October 4, 2022
NEWARK – As the U.S. Supreme Court hears arguments today in Merrill v Milligan, a case that could undermine Sec. 2 of the Voting Rights Act prohibiting racially discriminatory voting practices, the New Jersey Institute for Social Justice called for New Jersey to pass a Voting Rights Act of its own: a strong version of the John R. Lewis Voting Rights Act of New Jersey (A4554/S2997). Sec. 2 was already weakened in the Brnovich v DNC case last term and today’s case can further erode it.
“When the U.S. Supreme Court gutted Sec. 5 of the Voting Rights Act in Shelby County v Holder, a case I helped litigate, we knew we’d have a big fight ahead of us to restore voting rights in this country,” said Ryan Haygood, President & CEO of the New Jersey Institute for Social Justice. “Now with Sec. 2 on the chopping block again, the fight becomes even more pressing. New Jersey can’t stand by and rely on weakened federal standards. As one of the most diverse states in the country, New Jersey must be a leader and pass our own Voting Rights Act to protect and expand access to the ballot for all our residents.”
Sec. 5 was the provision of the federal Voting Rights Act requiring states and localities with racially discriminatory histories to get “preclearance” from the Department of Justice or a federal court for any changes in voting practices. Further weakening Sec. 2 would erode the Voting Rights Act even more, undermining key protections against racial discrimination.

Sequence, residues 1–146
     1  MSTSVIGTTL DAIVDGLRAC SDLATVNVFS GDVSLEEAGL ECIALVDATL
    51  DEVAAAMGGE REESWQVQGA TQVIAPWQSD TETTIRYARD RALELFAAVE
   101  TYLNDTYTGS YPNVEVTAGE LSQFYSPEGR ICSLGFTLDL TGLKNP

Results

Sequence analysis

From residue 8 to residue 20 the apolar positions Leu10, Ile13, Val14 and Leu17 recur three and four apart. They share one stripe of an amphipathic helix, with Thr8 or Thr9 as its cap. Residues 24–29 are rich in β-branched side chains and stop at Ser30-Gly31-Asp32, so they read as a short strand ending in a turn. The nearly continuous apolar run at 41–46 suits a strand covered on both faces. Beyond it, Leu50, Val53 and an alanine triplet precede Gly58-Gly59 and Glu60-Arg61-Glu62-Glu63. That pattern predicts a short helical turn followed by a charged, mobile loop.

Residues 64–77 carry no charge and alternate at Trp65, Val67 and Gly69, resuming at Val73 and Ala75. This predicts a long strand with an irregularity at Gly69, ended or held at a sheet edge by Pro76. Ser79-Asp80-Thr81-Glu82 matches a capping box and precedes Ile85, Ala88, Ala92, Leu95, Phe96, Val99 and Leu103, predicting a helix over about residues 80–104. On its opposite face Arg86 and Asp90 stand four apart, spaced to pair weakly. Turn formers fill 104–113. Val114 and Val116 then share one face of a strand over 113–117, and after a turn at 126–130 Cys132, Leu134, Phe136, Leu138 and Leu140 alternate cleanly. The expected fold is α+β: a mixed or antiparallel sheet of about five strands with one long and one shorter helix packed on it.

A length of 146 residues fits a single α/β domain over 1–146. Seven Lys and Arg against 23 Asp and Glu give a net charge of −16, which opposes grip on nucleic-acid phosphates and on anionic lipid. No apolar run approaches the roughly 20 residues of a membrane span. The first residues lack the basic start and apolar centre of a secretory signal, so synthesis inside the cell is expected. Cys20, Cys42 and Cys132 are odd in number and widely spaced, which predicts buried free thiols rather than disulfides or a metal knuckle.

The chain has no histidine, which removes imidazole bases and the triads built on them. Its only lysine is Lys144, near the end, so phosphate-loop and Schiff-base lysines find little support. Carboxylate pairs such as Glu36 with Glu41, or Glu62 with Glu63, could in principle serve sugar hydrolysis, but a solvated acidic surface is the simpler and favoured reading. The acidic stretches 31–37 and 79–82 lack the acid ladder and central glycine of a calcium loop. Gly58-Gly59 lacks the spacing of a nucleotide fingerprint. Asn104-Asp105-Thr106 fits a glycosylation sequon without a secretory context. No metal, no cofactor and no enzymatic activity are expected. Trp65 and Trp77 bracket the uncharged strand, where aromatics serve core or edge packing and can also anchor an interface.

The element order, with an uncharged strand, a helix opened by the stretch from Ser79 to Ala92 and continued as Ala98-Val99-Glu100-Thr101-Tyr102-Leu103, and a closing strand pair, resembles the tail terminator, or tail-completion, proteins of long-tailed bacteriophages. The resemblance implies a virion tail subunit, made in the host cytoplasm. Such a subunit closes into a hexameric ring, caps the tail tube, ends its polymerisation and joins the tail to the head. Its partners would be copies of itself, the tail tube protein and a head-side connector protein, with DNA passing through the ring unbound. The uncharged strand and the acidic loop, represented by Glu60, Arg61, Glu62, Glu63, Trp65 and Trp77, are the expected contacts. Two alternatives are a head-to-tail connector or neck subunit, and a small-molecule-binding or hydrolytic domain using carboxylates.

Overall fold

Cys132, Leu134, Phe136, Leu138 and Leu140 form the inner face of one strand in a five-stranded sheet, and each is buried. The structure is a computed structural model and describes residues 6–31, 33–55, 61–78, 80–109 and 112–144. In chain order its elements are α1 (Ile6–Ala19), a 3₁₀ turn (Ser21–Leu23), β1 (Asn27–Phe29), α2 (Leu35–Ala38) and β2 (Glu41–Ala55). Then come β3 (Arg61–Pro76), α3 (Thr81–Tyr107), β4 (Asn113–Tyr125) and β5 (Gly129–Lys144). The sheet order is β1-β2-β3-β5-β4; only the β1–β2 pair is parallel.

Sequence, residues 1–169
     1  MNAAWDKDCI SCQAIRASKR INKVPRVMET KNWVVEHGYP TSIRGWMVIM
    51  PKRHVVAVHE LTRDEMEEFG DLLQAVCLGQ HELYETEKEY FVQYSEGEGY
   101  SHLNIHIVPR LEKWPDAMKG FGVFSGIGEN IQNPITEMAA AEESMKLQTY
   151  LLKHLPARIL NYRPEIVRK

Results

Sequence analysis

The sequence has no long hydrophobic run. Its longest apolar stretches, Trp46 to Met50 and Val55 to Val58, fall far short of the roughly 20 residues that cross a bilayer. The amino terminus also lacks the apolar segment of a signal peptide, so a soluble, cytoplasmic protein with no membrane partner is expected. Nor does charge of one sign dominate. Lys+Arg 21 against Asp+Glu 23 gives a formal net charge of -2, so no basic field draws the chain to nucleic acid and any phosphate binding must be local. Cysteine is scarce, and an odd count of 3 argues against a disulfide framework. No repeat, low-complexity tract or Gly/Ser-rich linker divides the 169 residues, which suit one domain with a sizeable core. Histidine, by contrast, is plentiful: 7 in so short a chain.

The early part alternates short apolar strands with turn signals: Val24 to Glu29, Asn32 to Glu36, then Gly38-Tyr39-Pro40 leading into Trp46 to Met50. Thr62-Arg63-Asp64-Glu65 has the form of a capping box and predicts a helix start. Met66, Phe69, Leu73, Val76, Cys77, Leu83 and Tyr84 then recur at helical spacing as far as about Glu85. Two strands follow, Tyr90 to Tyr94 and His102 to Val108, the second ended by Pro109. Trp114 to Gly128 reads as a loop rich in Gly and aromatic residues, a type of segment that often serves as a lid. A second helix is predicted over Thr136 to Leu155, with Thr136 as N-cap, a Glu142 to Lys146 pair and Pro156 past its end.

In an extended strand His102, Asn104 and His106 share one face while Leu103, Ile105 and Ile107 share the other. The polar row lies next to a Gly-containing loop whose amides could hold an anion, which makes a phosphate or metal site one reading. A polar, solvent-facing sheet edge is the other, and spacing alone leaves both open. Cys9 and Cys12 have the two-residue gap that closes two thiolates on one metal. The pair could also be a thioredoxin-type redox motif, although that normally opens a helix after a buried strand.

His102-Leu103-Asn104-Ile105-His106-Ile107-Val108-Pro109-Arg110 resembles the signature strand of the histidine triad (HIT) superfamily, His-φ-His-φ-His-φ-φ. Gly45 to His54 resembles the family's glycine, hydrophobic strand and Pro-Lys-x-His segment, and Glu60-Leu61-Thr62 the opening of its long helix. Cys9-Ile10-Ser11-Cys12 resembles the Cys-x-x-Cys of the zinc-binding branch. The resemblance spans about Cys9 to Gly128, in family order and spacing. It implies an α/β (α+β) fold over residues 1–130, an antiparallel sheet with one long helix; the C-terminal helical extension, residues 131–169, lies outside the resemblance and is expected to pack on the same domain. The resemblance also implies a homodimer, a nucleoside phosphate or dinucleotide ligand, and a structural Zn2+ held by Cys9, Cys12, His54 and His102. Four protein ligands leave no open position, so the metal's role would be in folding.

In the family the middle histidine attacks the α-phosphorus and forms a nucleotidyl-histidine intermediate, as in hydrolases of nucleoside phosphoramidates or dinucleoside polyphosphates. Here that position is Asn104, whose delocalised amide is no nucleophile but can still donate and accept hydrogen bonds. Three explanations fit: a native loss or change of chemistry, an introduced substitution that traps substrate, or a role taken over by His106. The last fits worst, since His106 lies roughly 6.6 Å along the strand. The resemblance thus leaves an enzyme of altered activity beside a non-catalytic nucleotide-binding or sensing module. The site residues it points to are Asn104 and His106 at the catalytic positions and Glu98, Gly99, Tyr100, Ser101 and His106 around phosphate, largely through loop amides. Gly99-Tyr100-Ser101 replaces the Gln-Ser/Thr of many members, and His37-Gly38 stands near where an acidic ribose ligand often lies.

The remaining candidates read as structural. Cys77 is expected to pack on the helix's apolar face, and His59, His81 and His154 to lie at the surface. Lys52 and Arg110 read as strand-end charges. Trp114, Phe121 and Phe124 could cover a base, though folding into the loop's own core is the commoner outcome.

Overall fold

“After decades of relying on the foundational 1965 Voting Rights Act passed during the height of the Civil Rights Movement to protect Black voters, it’s alarming to see it being relentlessly attacked,” said Henal Patel, Director of the Democracy & Justice Program at the New Jersey Institute for Social Justice. “With Congress failing to pass voting rights protections despite the desperate need, it’s more important than ever that New Jersey act.”
“Many New Jersey voters, especially voters of color, face serious voting challenges, including late poll openings, long lines, barriers to physical access to polls for people with disabilities and lack of language accessibility for those with limited English proficiency. Many find it difficult to access the court when they are disenfranchised,” said Nuzhat Chowdhury, Associate Counsel in the Democracy & Justice Program at the New Jersey Institute for Social Justice. “A strong New Jersey Voting Rights Act would protect voters of color and strengthen our democracy by reducing these barriers to voting.”
Specifically, a strong version of the John R. Lewis Voting Rights Act would, among other things, increase language access and assistance for voters, prohibit deceptive practices at the polls and ensure that communities of color will have their ballots counted.
The Institute today released a fact sheet laying out the case for a New Jersey Voting Rights Act.